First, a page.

upper and lower 2.5^{th} and 97.5^{th} percentiles using the following
approach: round((.05/2)x(1000))=25 for lower percentile; and
round((1-(.05/2))x(1000))=975.Moreover, the
standard deviation of the bootstrapped test statistics is an approximation of the standard
error of the test statistic under consideration.This
approach to calculating bootstrap confidence intervals is called the Percentile Bootstrap
method (Efron, 1993).The bootstrap
distribution, as outlined above is centered around the estimated population value of the
test statistic.Other variations of
bootstrap re-sampling center the bootstrap distribution around zero, depending on how the
null hypothesis is being tested.

Bootstrapping the Difference of M-estimators

Doksum & Sievers (1976) report data on
a study designed to assess the effects of ozone on weight gain in rats.The experimental group consisted of 22 seventy-day
old rats kept in an ozone environment for 7 days.The
control group consisted of 23 rats of the same age, and were kept in an ozone-free
environment. Weight gain is measured in grams. The following GNU S code (R code)
assigns the data to the vectors x and y and then plots the quantile-quantile plots for the
normal distribution for each group. Notice that each group has heavy tails, and do
not conform to a normal distribution.

The Algorithm

Step 1: Generate the
bootstrap alternative distribution.A) Re-sample with replacement from
vector x with replacement to generate a bootstrap sample, x1, with length of original
vector x.B) Re-sample with
replacement from vector y with replacement to generate a bootstrap sample, y1, with length
of original vector y. C) Calculate measures of location for both bootstrap samples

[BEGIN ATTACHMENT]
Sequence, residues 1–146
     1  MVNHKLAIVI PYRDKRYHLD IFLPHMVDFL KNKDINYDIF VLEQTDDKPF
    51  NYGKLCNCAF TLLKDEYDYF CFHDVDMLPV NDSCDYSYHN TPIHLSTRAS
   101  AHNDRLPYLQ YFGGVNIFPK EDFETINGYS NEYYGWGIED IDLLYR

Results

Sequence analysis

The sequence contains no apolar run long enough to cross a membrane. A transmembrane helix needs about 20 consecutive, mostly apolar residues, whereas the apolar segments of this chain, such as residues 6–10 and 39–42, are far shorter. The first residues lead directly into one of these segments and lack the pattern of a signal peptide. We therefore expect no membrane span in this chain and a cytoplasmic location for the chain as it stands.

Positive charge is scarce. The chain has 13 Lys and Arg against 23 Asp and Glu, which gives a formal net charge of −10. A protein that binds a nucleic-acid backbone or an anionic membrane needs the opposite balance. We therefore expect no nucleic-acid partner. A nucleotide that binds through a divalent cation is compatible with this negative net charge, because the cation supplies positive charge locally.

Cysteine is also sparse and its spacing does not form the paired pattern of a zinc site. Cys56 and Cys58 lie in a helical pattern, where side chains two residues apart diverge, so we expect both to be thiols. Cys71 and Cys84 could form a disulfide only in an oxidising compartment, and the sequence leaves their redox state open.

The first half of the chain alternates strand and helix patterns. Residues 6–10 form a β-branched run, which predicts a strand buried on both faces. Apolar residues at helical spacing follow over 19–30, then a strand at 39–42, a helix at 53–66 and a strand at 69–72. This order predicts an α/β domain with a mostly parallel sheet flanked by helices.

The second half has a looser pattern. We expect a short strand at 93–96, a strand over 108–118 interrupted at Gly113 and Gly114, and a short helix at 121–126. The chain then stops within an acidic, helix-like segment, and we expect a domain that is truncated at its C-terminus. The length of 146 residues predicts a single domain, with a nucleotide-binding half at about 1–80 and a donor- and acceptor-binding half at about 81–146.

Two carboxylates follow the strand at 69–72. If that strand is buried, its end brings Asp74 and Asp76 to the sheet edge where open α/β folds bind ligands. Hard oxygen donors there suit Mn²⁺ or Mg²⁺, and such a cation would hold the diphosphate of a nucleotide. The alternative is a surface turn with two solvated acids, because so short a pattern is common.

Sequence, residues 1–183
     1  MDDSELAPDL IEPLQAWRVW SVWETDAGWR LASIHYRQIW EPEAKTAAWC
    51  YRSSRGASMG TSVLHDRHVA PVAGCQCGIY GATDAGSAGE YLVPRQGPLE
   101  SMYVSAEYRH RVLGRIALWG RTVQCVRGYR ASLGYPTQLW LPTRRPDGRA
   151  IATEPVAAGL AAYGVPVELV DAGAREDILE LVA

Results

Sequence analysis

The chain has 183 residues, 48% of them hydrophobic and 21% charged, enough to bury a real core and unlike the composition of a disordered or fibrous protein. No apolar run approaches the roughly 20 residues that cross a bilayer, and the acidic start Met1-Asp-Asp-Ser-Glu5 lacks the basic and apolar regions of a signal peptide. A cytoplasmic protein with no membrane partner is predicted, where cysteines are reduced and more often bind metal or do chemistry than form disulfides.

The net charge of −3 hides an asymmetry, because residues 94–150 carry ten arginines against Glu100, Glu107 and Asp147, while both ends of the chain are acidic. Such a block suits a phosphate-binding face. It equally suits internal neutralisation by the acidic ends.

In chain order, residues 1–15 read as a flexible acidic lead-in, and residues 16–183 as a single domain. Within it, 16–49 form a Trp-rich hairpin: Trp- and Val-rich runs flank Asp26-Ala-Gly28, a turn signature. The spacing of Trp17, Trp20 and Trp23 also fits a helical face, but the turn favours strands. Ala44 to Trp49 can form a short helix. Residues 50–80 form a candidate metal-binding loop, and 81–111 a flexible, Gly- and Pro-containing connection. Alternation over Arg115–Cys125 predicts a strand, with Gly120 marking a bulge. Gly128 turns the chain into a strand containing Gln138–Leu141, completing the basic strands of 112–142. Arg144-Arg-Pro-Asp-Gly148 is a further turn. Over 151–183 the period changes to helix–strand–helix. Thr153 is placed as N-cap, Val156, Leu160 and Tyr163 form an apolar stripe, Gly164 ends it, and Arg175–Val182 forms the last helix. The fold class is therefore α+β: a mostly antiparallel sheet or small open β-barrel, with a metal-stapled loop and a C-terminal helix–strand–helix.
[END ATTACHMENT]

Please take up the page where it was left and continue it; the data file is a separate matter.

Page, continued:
x1 and y1.D) Subtract the two
measures of location.This is one bootstrap
difference, and represents the difference between measures of location under the empirical
alternate distribution.This empirical
distribution is centered on the population difference under the alternate hypothesis. Step
2: Calculate the critical scores that correspond to the 2.5^{th} and
97.5^{th} critical alpha regions under the empirical alternate distribution.
The critical scores are the scores that correspond to the 2.5^{th} and 97.5^{th}
percentiles of the empirical alternate distribution.We can calculate the percentiles using the following approach:
round((.05/2)x(#bootstrap samples)) for lower percentile; and
round((1-(.05/2))x(#bootstrap samples)).Next,
locate the scores that correspond to those percentiles. The following GNU S code
implements this algorithm:

The 95% confidence interval that is reported represents our best estimate for the lower
and upper bounds of the difference in M-estimators for the two groups. This
interval captures the true population difference in M-estimators 95% of the time assuming that the null
hypothesis is true (no difference between the groups). If this interval
contains zero, we fail to reject the null hypothesis of no difference in the
population. If the interval doesn't contain zero, we take this as a rejection
of no difference in the population. Additionally, the narrower the confidence
interval the more precise our estimate is (less error in our estimation).

A Cautionary Note on Computer Intensive Procedures

The Bootstrap re-sampling process is a very
computer intensive procedure. Additionally, the iteratively re-weighted least squares
algorithm that the M-estimator procedure uses is also computer intensive. Run times for
the GNU S code may take a few minutes to run. Allowing the program to finishes before
resubmitting will keep the GNU S server from slowing down. In general, having
larger numbers of bootstrap samples increases the accuracy of the confidence
intervals. However, the cost of increasing the number of bootstrap samples can be
substantial.

References

Doksum, K.A. & Sievers, G.L. (1976). Plotting with confidence:
graphical comparisons of two populations. Biometrika 63, 421-434.

Efron, B. (1993). An Introduction to the Bootstrap. New York: Chapman
and Hall.